THE MASTER OF ALL CHEFS
Manjit Singh Gill Corporate Executive Chef, ITC Hotels
The Challenges for Manjit Singh Gill
Internal politics hit Manjit’s career in 1983 itself, and he quit ITC to join his father in a business he had set up post retirement. Not the kind that had his heart in business, it was a tough phase for Manjit. Luckily, it was a short one and ITC summoned him back within three months to take forward what he had set up. Manjit happily rejoined the organization, only to quit it again in late 1991. After a fulfilling journey with Maurya for over nine years, mostly as its executive chef, Manjit decided that he wanted to be an entrepreneur and rejoined his father’s business, which had grown manifold.
It was easier said than done, and Manjit realized this very quickly as once again he found it difficult to adjust to the business environment. At this point what came in handy for Manjit was his everlasting relationship with ITC. At the time of quitting ITC had asked if he could remain with them as a consultant, which he had happily agreed to.
Mercifully for the gastronomic world, he rejoined ITC after two years in 1993. Madan Lal, the front man of Bukhara had unfortunately died in a car accident after which Habib Rehman, head of ITC approached Manjit to consider his return. ‘Manjit, I’m sure you are not enjoying your work and nor are we without you. Why don’t you join back?’ he said.
‘I will surely rejoin, but on two conditions,’ replied Manjit. ‘Firstly, I will not restart on probation as I want my confirmation from day one itself. Secondly, I will create my own reporting system down the line.’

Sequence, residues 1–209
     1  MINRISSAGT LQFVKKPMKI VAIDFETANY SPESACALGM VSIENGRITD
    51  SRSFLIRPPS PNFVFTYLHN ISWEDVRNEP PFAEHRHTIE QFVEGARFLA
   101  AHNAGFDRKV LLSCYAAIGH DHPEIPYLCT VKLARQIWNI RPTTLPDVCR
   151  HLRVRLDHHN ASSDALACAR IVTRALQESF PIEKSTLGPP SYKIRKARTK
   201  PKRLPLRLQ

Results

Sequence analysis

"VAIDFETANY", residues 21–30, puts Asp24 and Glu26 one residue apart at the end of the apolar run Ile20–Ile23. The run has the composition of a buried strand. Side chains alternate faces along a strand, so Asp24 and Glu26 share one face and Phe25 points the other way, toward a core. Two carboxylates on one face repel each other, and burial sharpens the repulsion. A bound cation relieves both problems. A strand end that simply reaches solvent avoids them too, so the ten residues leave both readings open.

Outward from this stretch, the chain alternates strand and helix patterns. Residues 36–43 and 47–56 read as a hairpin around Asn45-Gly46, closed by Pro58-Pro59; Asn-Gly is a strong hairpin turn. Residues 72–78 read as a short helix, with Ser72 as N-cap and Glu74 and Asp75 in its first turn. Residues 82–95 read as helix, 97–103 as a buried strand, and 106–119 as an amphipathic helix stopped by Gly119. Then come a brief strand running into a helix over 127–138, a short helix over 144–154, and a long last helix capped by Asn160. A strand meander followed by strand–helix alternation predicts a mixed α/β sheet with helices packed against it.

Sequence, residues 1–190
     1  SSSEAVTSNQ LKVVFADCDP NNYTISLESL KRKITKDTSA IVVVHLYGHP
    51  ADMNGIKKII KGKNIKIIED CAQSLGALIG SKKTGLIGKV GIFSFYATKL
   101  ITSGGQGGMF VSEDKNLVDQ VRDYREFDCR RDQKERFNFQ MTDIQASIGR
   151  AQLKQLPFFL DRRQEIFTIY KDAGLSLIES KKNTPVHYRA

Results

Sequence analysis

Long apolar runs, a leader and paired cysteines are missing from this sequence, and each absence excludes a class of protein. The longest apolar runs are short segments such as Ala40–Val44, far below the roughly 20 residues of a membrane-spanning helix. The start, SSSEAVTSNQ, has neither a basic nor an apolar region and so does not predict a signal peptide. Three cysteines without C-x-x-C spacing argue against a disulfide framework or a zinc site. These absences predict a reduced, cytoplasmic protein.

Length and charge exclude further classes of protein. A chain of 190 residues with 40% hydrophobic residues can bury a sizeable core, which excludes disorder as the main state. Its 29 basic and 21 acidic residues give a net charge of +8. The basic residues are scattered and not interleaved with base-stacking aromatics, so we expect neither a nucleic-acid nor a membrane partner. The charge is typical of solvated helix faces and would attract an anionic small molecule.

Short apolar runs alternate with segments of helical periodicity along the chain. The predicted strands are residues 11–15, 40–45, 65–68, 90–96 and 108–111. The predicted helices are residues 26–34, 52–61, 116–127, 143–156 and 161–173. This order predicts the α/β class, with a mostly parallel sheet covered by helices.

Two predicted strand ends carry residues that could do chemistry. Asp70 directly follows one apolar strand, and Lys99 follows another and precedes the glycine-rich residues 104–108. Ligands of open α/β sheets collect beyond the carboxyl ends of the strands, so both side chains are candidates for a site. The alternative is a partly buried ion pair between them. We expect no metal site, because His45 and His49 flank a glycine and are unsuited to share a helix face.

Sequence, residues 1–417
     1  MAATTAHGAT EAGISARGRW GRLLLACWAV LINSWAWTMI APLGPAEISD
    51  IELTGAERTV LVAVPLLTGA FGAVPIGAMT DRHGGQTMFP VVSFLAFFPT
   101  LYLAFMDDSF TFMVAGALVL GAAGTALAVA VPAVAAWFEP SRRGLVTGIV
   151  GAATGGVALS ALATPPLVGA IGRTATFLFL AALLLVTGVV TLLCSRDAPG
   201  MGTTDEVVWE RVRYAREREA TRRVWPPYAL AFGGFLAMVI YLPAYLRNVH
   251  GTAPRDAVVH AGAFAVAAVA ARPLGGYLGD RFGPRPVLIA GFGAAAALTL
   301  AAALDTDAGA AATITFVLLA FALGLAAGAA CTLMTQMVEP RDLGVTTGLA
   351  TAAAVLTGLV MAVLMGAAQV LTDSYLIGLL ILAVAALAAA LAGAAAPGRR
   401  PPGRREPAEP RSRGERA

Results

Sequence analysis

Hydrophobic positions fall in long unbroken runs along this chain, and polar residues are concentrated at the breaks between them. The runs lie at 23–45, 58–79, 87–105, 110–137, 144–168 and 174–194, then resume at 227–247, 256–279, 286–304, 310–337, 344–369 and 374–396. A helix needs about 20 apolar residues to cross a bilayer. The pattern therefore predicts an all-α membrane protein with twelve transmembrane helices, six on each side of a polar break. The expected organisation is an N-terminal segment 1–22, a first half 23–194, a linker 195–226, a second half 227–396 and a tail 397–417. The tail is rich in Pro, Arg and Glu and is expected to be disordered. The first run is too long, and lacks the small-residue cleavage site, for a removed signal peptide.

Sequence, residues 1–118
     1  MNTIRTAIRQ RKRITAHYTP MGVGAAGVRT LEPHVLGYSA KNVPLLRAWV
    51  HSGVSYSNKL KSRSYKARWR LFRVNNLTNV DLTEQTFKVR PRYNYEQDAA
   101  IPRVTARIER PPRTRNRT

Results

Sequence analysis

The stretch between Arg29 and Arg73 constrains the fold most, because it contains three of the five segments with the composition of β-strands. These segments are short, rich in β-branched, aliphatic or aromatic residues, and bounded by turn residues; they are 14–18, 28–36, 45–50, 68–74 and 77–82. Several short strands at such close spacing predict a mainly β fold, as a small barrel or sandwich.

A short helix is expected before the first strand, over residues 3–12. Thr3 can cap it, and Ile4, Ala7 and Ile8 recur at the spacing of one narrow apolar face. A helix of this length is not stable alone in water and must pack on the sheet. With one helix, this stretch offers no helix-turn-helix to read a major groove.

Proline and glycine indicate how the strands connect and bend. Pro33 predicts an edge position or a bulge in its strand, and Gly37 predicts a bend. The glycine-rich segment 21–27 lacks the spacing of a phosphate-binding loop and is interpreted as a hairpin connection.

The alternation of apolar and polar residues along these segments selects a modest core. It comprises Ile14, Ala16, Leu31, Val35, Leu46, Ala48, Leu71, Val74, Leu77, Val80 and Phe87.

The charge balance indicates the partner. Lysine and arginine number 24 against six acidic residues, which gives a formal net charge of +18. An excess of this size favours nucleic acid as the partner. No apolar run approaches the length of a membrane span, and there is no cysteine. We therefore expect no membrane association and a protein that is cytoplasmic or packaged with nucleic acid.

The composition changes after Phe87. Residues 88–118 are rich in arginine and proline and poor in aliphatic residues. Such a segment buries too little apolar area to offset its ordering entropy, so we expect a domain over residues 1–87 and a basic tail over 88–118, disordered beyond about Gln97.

Manjit rejoined the ITC corporate office on his terms, and the new journey entailed a much different role. His new function pertained to participating in the company’s ambitions to grow and open new hotels, as well as share his experience on a larger platform. He would play a significant role in conceptualizing as well as work towards research and development of new products. He also had an inherent sense of responsibility in helping his junior chefs evolve with more information and knowledge.
Being an astute chef with years of experience, he understood that with each passing year the food habits and preferences of people were changing and it was a continuous challenge to remain on top and introduce the subtle changes. New ingredients and their variants entered the market almost every day, and recipes had to be adapted to those changes, but with utmost caution. Environmental changes were affecting the taste of food significantly, and a canny chef could not be oblivious to that fact. For example, chilies are severely affected by the change in weather. ‘The same varieties have become much hotter now,’ says Manjit while explaining how recipes have to keep evolving.